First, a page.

Monthly Archives: October 2005

Eating in the time of E-VAT, bird flu and food poisoning

Para sa tulad kong kaunti lang ang alam sa pagluluto, dapat alam ko ang mga kainang mura, masarap at mukhang malinis. Sa panahon ngayon, lutong bahay pa rin ang nararapat para sa mga gustong umiwas sa iba’t ibang sakit na nakukuha mula sa maduming pagkain. Nakakasakit din ng ulo ang tumataas na presyo ng mga pagkain.

Pero hindi talaga maiiwasang lumabas ng bahay at mapipilitang kumain sa mga carenderia at restaurant. Eto ang ilan sa mga binabalik-balikan ko:

Kapag nagagawi sa Quezon Avenue-Banawe, masarap mag-merienda sa Ma Mon Luk. Nandito ang pinakamasarap na siopao at mami.

Malapit sa Ma Mon Luk ay ang Savory restaurant. Masarap ang manok dito, mas masarap kaysa sa Serye. Gusto ko rin ang Halo-halo nila, maraming mais at langka. Mayroon ding Savory sa Ever Commonwealth.

Paborito ng mga kaibigan kong aktibista ang Mister Kabab sa may Quezon Avenue-Delta. Lagi kong order ang Keema pero Beef Korma kapag kasya sa badyet. Espesyal din ang yoghurt shake dito.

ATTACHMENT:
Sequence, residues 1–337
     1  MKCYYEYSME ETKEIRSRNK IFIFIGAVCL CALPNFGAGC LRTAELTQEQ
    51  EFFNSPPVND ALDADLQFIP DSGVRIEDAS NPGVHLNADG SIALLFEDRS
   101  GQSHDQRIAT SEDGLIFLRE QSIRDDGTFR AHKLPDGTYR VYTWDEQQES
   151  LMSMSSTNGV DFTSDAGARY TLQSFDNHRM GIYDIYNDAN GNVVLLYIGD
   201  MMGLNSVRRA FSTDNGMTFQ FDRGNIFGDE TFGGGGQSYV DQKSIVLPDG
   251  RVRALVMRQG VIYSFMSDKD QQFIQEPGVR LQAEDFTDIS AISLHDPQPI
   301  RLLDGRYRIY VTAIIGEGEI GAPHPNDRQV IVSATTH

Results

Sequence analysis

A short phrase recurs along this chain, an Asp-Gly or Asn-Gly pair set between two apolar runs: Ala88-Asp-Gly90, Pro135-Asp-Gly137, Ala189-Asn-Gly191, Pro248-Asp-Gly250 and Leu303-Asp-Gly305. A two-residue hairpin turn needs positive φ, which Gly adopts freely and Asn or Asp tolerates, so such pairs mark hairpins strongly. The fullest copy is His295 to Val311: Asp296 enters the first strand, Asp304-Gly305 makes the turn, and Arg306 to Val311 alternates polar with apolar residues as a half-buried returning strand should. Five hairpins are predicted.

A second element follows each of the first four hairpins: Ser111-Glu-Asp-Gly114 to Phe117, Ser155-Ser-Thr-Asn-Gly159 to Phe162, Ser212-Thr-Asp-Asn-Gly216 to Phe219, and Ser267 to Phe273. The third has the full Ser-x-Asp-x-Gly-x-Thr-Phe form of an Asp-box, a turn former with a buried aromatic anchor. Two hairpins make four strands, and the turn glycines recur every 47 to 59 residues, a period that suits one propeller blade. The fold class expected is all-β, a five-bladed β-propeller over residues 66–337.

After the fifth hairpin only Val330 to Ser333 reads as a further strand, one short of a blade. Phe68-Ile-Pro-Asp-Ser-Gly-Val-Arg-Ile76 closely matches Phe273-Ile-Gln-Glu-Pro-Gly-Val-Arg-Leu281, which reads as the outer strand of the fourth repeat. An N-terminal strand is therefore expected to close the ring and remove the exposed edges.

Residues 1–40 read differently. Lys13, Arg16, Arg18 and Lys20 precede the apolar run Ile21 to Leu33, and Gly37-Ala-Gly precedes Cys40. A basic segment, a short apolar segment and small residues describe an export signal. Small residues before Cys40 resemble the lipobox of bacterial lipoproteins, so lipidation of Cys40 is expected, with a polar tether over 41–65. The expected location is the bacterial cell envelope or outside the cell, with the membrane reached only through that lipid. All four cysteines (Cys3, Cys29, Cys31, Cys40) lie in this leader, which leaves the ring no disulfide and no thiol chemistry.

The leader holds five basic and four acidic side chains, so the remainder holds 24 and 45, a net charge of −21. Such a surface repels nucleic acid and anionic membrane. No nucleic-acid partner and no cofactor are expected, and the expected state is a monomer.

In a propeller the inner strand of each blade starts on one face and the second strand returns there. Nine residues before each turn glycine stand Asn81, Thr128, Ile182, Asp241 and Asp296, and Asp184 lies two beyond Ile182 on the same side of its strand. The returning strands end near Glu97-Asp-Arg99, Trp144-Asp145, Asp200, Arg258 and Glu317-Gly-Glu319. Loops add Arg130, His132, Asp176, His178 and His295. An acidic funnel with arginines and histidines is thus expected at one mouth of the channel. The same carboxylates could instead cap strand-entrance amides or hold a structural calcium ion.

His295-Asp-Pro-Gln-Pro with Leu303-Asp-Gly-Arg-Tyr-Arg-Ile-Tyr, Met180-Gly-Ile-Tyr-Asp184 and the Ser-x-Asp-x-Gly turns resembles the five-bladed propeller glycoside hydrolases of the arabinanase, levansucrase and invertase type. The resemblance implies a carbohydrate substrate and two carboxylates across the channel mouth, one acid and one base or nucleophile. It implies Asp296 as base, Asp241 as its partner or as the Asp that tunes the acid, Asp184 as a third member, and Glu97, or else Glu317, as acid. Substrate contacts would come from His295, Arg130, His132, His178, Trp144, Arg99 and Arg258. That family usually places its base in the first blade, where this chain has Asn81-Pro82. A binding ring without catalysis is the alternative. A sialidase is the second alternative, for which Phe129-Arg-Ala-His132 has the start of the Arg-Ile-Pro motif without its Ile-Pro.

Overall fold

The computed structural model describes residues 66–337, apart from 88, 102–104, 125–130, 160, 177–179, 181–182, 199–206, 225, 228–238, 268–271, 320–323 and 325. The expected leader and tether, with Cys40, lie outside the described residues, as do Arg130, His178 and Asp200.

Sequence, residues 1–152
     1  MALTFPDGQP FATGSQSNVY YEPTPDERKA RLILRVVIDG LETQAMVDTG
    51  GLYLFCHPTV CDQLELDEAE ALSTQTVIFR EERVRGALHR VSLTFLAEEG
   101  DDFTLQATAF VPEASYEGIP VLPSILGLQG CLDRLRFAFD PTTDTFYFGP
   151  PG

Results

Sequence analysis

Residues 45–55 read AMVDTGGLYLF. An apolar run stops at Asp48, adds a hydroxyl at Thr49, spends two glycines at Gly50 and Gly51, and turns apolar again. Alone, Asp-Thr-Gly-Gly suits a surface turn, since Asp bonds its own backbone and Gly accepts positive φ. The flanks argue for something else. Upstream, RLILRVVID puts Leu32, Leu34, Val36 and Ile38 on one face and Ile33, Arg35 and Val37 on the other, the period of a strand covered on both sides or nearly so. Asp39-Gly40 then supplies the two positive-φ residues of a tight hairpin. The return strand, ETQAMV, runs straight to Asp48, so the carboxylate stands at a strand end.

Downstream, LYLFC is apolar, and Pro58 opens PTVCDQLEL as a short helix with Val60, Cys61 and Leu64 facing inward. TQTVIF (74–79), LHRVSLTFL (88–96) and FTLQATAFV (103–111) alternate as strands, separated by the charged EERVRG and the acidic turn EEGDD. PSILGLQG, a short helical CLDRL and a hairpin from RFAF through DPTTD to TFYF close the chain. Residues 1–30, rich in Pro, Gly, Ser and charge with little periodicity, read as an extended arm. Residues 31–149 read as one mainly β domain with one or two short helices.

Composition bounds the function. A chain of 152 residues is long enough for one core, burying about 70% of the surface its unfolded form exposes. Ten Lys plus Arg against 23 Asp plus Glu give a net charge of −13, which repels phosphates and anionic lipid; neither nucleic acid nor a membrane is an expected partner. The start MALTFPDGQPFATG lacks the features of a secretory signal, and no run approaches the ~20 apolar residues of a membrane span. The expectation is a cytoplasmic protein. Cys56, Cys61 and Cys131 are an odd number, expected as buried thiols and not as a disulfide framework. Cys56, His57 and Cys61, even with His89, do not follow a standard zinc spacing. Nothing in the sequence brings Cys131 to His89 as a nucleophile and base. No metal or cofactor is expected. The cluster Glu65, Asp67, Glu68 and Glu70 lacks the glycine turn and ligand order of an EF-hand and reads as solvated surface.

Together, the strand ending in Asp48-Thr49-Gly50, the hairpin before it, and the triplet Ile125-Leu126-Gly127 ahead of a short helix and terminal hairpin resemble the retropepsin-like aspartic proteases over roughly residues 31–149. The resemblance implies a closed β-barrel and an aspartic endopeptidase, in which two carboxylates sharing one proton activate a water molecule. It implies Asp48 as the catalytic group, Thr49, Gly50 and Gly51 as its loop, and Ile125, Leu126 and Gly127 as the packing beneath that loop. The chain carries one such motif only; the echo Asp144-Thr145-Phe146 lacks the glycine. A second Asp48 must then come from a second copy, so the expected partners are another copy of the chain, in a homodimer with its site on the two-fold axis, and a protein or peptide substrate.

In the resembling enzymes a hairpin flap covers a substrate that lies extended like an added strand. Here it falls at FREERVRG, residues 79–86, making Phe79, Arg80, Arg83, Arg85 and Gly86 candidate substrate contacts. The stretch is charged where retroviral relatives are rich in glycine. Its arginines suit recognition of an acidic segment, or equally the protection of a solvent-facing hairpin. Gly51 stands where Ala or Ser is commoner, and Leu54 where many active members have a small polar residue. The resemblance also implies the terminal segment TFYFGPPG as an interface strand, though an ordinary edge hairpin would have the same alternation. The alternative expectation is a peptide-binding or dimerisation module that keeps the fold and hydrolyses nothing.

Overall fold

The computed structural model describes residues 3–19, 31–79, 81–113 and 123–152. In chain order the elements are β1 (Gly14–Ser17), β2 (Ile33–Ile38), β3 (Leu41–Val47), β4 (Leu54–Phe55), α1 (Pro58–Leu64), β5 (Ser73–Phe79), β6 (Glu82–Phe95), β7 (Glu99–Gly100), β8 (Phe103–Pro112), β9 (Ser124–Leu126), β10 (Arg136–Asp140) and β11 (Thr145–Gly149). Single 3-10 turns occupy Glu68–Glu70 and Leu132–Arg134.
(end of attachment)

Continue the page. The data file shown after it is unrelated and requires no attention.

Katabi ng Kabab ay Ongpin restaurant. Mura ang maki dito. Pero mas makakamura kung marami kang kasama dahil may barkada meal menu ang Ongpin.

Sa Diliman naman ay binusog ako ng mga luto ni Aling Lina sa tabi ng Eduk (andun pa kaya siya?). Noong freshman ako (1996) ay araw-araw akong umiinom ng home-brewed lemon tea sa CASAA – yun nga lang tumatabang ito taun-taon. Pagkatapos ng ROTC, diretso ako sa Rodic’s para sa kanilang tapsilog na sobrang mahal na ngayon. Walang kupas ang mga isawan. At kapag nagyaya ang mga kaibigan, dun kami manananghalian kina Mang Jims.

Kapag nasa Taft ako, pagkakataon ito para kumain sa Gary’s sa tapat ng PGH. Kahanay naman ng Adamson ang mga murang kainan sa kalye Zobel.

Kapag nagagawi sa Quiapo, lalakarin ko hanggang Delicious restautant sa Chinatown. Pagkatapos babalik sa may palengke ng Quiapo para sa masarap na hopia, pasalubong sa aking asawa’t anak.

Nadiskubre ko kamakailan lamang na may nagtitinda ng pancit cabagan sa loob ng St. Thomas Square sa España-Morayta. Makakatipid din ang pagkain sa During’s sa España-Blumentritt. Ilang hakbang mula dito ay ang Bulaluhan sa España.

Mababa ang tingin ko sa mga mall na walang Bodhi sa kanilang foodcourt.

Bumabalik ako sa mga fastfood at mamahaling kainan para sa french fries at salad ng Wendy’s, sundae ng Jollibee, mashed potato ng KFC, kape sa Dunkin Donuts, Native Tsokolate ng Chicken Bacolod Inasal, sandwich ng Tropical Hut, rootbeer float sa A&W, pizza ng Don Henrico’s, sisig sa Gerry’s, kare-kare sa Max’s o Aristocrat, chicken empanada ng Goldilocks, cake ng Red Ribbon, blazing burger ng Burger King at red tea ng Tokyo Tokyo.